Dino Martins

Dr. Dino J. Martins is a Kenyan entomologist and evolutionary biologist, is currently the Executive Director of the Mpala Research Centre and a research assistant professor with the Turkana Basin Institute – Stony Brook University. He holds a PhD from the Department of Organismic and Evolutionary Biology at Harvard University (2011), and a BA in Anthropology (with distinction) from Indiana University (1999).

Dr. Martins’ current scientific research is focused on the evolution and ecology of interactions between species: including insects and plants, vectors and hosts and parasites. He looks at what drives cooperation between insects and plants mainly between flowers and their pollinators as well as between ants and plants. Dr. Martins’ current research includes work with farmers in relation to bees and pesticides and improving pollinator awareness and conservation, general studies of bee evolution and ecology in East Africa, hawkmoth and butterfly pollination, co-evolution and the links between biodiversity and landscape-level processes. Dr Martins currently leads projects on the biology vectors for malaria, trachoma, leishmaniasis and other neglected diseases in relation to adaptation to climate, landscape and environmental changes in the Turkana Basin and Greater Horn of Africa region.

Dr Martins has published widely in scientific, natural history, and environmental magazines including: the Biological Journal of the Linnean Society, the International Journal of Tropical Insect Science, Nature East Africa, the East Africa Natural History Society Bulletin, Swara, Nature Net, Ecoforum, and the Journal of the East African Wildlife Society. His work has been featured in the Smithsonian magazine, the Guardian, TED, the BBC as well as in National Geographic.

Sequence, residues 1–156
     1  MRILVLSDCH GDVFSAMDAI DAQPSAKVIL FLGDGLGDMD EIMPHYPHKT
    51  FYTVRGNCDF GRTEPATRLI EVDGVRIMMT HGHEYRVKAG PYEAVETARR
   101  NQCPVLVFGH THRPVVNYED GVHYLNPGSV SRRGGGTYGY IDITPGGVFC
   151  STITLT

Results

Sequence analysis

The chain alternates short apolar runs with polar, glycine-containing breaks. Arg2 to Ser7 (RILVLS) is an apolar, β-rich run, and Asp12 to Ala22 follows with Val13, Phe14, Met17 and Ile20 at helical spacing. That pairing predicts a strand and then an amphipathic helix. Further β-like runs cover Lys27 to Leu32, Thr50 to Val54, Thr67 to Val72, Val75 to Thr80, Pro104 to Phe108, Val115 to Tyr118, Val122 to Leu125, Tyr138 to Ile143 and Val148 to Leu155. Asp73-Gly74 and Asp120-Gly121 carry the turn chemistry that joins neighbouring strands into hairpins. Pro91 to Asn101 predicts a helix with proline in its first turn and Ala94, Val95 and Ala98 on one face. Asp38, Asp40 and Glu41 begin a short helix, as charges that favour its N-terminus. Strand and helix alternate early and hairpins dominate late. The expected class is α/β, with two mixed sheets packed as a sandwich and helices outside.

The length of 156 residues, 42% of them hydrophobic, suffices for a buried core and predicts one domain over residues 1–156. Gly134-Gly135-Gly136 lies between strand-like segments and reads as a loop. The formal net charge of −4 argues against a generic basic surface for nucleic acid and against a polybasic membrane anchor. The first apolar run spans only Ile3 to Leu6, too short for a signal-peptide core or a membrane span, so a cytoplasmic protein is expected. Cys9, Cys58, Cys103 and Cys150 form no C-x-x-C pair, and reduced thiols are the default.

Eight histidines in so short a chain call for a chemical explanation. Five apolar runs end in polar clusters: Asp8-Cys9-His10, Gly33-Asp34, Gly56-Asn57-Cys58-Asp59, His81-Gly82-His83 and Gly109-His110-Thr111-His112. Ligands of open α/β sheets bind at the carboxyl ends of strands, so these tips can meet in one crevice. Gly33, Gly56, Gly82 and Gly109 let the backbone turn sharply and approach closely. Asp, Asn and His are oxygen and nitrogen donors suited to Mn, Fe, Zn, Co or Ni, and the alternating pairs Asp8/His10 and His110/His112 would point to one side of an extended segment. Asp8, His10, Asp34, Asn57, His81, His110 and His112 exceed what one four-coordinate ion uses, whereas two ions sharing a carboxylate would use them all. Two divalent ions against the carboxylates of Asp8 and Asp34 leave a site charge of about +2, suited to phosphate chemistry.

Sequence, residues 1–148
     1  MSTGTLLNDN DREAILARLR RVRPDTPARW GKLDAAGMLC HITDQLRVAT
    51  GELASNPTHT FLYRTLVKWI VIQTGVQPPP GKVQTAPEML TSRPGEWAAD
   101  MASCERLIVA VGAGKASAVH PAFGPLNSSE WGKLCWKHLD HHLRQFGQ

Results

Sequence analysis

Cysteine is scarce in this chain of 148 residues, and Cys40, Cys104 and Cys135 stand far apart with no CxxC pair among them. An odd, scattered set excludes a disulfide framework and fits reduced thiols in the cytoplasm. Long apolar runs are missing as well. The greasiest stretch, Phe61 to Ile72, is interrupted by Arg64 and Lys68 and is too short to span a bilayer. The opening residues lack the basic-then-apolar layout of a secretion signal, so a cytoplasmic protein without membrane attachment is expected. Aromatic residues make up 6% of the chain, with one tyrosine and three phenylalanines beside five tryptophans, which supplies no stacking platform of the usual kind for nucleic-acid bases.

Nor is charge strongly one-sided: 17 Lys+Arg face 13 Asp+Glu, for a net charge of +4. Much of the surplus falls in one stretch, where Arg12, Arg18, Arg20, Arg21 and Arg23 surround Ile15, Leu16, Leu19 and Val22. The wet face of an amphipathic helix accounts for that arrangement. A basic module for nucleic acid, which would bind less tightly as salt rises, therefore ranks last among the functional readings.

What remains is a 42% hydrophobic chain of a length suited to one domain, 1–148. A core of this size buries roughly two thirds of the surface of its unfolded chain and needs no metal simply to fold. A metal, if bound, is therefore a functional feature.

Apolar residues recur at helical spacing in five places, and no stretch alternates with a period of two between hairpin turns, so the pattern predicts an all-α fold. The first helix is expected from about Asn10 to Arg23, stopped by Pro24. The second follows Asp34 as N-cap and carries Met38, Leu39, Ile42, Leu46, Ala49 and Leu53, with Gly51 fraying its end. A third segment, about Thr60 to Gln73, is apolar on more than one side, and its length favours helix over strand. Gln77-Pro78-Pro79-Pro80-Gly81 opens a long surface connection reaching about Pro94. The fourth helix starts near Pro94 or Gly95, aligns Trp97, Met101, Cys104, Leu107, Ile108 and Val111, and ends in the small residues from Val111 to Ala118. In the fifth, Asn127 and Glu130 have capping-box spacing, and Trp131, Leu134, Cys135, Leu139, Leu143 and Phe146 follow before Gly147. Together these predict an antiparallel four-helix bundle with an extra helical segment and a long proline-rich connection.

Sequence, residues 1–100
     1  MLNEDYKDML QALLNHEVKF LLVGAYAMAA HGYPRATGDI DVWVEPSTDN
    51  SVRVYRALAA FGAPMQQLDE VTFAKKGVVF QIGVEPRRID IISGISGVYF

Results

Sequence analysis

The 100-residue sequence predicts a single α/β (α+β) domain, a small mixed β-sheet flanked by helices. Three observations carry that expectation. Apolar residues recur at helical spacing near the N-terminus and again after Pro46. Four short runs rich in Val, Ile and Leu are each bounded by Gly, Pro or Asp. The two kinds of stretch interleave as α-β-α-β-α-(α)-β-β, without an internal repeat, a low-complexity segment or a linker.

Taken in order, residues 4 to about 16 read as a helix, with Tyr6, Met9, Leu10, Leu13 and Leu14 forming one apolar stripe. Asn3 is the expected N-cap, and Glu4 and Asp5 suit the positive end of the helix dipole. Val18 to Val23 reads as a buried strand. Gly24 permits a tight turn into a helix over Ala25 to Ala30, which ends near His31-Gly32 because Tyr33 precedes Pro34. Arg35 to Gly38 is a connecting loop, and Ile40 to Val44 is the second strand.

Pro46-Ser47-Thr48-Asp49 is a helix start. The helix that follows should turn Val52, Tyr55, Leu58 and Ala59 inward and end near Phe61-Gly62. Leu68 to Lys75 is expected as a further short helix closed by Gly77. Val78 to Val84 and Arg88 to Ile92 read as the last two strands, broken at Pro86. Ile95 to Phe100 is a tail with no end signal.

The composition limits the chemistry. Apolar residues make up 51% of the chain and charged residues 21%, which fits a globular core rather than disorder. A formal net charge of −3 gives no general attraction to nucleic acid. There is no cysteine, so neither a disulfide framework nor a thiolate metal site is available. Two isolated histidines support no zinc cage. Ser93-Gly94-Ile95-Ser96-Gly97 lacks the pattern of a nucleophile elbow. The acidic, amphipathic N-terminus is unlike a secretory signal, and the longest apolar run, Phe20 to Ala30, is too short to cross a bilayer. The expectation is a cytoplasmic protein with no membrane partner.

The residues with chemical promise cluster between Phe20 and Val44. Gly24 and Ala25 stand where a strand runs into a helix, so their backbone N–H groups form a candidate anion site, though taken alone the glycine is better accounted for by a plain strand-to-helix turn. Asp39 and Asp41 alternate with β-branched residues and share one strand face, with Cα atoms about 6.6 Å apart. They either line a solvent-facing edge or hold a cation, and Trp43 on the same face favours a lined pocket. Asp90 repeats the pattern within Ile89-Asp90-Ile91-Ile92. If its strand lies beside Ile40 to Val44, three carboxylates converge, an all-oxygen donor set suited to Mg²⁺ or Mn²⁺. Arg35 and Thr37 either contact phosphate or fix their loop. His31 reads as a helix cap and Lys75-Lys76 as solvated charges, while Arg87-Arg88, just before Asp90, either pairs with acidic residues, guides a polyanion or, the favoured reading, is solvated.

Dr Martins recently completed a guidebook ‘The Insects of East Africa’, published by Penguin-Random House-Struik. This is the first major general synthesis of insect diversity for Eastern Africa and has been well-received both in the region and internationally. Dr Martins also launched a book on pollinators last year: ‘Our Friends the Pollinators: A Handbook of Pollinator Diversity and Conservation in East Africa. This book has been downloaded over 4000 times from the web and content accessed by hundreds of thousands of farmers through digital and social media platforms.

Amongst his awards and fellowships are the Ashford Fellowship in the Natural Sciences GSAS, Harvard University, a Smithsonian Institution SIWC – MRC Fellowship (2004), and 2002 & 2003 Peter Jenkins Award for Excellence in African Environmental Journalism. In 2009 he won the Whitley Award, for his work on pollinators in East Africa. He was named one of National Geographic’s ‘Emerging Explorers’ in 2011. Dr Martins was recently elected as a Fellow of the Linnean Society of London and an honorary life member of the Kenya Horticultural Society. 

Dr Martins is this past year’s (2015) Whitley Gold Award winner for conservation: (http://whitleyaward.org/winners/pollinators-and-people-in-kenya/)
This is a grassroots global conservation prize awarded each year to a member of the Whitley Award alumni. The Whitley Gold Award is a profile and PR prize awarded in recognition of their outstanding contribution to conservation. The prize was awarded for his work on insects, and improving their conservation and understanding by farmers and the general public across East Africa.

Currently Dr Martins continues to teach for the Turkana Basin Institute’s Origins Field School and has taught for all 8 semesters of the field school at the South Turkwel campus. He also supervises students working on insect-vector related projects on malaria and trachoma.

General links to research/publications/conservation work:



Link to pollinator conservation book online:





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